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Meghan and Alicia celebrate IUI success

Meghan and Alicia went through three IUI cycles without success. On the fourth cycle, something changed.
Category: Fertility

Three-month-old Olivia Grace sleeps peacefully, snug in her carrier, under the watchful eyes of her moms, Meghan and Alicia Midghall. Looking at that sweet slumbering face, they express their sense of wonder at their precious gift of a daughter and appreciate the special journey it took for her to enter their lives.

Meghan, an acute care nurse practitioner, and Alicia, a Readiness Sargent First Class at the National Guard in Hartford, CT, share their story.

Meghan and Alicia’s Journey to Parenthood

“From the beginning we both knew we wanted a child and I knew instinctively that I wanted to be the one to carry the baby,” says Meghan.

They both say it was meant to be that Meghan works within Baystate Medical Center’s Chestnut Surgery Center, where Baystate Reproductive Medicine is also located—and where she would be close by to receive some of her treatments. “I knew they had a great reputation and trusted them to help us,” says Meghan.

Patients come to the clinic from across Massachusetts, Connecticut, southern Vermont, and New Hampshire because of the clinic’s advanced reproductive technologies and treatments and the team’s excellent success rates.

Alicia says this was a journey they didn’t go into lightly. “We knew it was going to be physically and emotionally challenging and we had to plan financially and for however amount of time it might require,” she notes.

Experts at Baystate Reproductive Medicine advised Meghan she would be a good candidate for IUI, Intrauterine Insemination.

How does IUI work?

IUI is a type of artificial insemination where sperm from a donor has been washed and concentrated and placed directly in the uterus around the time the ovary releases an egg to be fertilized. When successful, the sperm swims into the fallopian tube and fertilizes a waiting egg, with the resulting embryo moving to the uterus for implantation and pregnancy.

Baystate Reproductive Medicine performs approximately 900 IUI cycles per year.

Meghan and Alicia“The decision was we would try six cycles of IUI and then, if we were not successful, we would transition to in vitro fertilization (IVF) ,” Meghan says. During IVF, mature eggs are collected from the ovaries and fertilized by sperm in a lab. Then the fertilized egg (embryo) is transferred to the uterus.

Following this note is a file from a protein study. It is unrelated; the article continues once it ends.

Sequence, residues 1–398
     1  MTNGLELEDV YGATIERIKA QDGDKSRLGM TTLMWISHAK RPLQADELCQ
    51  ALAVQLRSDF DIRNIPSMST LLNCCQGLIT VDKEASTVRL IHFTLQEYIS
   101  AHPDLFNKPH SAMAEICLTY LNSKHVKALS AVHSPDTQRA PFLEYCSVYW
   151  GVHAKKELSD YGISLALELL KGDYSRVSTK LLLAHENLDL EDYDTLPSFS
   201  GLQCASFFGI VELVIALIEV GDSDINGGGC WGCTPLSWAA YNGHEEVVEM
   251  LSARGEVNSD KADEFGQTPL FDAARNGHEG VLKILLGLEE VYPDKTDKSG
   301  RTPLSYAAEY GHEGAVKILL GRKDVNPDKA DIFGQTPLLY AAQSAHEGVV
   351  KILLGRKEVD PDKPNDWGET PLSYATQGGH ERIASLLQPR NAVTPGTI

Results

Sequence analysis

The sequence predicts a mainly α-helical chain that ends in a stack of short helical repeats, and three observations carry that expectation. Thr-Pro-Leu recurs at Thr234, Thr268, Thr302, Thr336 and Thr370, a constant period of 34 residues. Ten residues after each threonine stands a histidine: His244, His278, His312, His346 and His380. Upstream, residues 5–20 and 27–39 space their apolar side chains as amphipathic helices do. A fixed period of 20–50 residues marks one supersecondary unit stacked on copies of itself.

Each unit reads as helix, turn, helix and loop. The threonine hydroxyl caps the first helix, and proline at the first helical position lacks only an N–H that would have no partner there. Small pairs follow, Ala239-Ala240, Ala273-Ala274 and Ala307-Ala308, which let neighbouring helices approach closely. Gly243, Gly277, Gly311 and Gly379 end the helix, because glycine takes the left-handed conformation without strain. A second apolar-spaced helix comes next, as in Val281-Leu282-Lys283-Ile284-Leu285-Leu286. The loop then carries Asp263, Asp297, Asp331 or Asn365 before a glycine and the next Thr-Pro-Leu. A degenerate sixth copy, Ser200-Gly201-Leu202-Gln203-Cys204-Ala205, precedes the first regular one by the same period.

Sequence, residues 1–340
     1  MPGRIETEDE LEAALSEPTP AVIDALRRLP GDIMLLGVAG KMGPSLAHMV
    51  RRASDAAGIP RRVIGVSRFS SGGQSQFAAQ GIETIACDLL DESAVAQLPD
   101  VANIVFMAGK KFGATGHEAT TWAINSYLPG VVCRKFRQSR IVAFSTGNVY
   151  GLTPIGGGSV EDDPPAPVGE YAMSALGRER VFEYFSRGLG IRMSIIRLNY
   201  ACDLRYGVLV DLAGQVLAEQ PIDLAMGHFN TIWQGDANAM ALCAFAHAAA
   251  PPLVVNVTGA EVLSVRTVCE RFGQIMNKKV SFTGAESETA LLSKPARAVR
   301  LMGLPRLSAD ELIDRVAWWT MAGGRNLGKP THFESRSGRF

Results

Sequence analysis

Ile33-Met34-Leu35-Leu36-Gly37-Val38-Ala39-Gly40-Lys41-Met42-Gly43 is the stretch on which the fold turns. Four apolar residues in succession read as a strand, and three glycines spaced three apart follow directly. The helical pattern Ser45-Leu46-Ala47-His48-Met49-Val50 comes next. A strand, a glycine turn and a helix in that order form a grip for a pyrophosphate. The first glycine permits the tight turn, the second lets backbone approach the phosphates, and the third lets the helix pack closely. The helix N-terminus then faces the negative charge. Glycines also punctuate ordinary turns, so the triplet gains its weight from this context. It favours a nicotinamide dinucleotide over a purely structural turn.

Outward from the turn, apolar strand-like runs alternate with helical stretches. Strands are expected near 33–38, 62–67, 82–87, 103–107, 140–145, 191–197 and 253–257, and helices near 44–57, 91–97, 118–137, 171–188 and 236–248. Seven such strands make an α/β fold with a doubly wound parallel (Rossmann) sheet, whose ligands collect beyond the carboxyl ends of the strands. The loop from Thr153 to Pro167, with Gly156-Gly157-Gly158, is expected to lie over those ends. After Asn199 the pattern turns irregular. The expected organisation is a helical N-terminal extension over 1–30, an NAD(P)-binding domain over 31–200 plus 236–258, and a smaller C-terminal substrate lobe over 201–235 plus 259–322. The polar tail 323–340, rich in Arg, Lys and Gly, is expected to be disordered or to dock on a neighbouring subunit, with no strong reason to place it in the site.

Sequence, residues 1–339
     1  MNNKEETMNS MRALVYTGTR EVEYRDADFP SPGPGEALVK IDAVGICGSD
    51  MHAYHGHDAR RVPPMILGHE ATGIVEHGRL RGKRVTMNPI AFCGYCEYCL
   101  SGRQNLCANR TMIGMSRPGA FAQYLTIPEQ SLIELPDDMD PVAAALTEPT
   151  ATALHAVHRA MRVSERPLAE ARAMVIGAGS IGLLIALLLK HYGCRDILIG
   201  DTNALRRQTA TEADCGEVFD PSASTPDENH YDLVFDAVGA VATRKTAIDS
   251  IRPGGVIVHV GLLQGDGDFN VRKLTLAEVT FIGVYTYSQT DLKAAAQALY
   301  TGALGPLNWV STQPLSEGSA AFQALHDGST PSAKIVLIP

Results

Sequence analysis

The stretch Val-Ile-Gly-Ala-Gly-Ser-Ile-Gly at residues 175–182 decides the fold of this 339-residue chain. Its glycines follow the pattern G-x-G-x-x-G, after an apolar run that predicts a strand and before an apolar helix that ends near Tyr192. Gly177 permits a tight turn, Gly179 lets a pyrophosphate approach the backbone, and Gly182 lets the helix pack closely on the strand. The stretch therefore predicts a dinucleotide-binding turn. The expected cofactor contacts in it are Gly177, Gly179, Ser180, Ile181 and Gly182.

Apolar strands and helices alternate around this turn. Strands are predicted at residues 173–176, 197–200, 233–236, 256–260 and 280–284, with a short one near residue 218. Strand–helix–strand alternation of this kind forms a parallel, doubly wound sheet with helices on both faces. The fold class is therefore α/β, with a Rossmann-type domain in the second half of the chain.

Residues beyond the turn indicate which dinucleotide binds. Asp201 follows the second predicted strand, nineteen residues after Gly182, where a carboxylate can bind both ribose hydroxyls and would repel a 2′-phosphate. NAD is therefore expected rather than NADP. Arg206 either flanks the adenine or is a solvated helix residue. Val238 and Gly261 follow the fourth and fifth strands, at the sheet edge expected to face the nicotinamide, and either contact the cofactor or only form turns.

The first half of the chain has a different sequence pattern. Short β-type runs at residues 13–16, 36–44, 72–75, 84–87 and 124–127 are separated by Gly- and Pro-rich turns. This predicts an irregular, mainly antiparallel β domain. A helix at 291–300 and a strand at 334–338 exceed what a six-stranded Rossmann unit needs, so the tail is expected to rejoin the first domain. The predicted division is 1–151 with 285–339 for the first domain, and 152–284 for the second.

Choosing a Sperm Donor

“As we started the IUI process, making the choice of the donor was overwhelming at first,” says Alicia. Meghan said she wanted the donor to have Alicia’s calm personality, and they looked for a donor with similar coloring of her hair and eyes.

As they looked at their options, there was one anonymous donor that they both knew instantly felt right.

“A Special Gift”

Meghan then went through three cycles of IUI without success. On the fourth cycle, something changed. “I just felt relaxed with no expectations. That’s when I became pregnant,” Meghan laughs. They did a home pregnancy test and it was positive. “I just fell to my knees crying,” recalls Alicia.

Olivia Grace was born a healthy seven pounds, 17 ½ inches.

Alicia, Olivia, and Meghan

Both Meghan and Alicia say their doctors at Baystate Reproductive Medicine—Dr. Cynthia Sites, Dr. Halina Wiczyk, and Dr. Kelly Lynch —were wonderful. They praised the nurses, ultrasound technicians, and were thankful for their support and education throughout the process.

They say the experience was humbling, has strengthened their relationship, and given them their beautiful baby girl.

“Baystate Reproductive Medicine gave us the tools and support we needed to build our family and have our daughter, who is the love of our life,” says Alicia.

Baystate Health’s Expert Fertility Team

Doctors at Baystate Reproductive Medicine are board certified in reproductive endocrinology and infertility, and are SART (Society for Assisted Reproductive Technology) members. This means the practice is held to the highest standard of quality, reporting, and ethics. Nurses are specially trained, with certification from the American Society for Reproductive Medicine. Learn more about our team.